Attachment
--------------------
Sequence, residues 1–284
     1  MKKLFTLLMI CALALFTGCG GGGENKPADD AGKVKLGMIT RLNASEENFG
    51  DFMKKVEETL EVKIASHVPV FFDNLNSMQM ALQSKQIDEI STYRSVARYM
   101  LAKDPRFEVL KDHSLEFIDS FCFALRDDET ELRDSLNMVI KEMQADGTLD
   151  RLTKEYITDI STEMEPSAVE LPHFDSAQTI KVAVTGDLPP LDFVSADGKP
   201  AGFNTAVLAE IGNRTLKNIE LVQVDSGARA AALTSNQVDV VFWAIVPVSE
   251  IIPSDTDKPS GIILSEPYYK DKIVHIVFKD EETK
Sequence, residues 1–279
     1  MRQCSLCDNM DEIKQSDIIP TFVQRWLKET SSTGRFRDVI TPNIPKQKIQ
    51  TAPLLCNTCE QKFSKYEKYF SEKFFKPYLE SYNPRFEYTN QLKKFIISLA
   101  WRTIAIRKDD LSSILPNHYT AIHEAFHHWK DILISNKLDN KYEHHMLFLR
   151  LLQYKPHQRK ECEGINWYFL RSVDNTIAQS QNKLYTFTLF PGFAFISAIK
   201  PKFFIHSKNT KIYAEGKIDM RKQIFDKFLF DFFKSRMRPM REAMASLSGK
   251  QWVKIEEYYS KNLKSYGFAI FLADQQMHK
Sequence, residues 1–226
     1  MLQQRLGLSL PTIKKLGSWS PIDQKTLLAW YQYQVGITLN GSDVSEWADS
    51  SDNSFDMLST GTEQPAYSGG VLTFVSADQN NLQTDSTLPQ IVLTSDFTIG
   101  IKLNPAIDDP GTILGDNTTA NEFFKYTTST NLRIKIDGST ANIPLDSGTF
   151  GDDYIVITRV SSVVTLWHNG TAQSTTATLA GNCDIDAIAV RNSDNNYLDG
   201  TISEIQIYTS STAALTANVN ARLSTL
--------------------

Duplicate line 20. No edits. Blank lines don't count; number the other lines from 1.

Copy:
   201  TISEIQIYTS STAALTANVN ARLSTL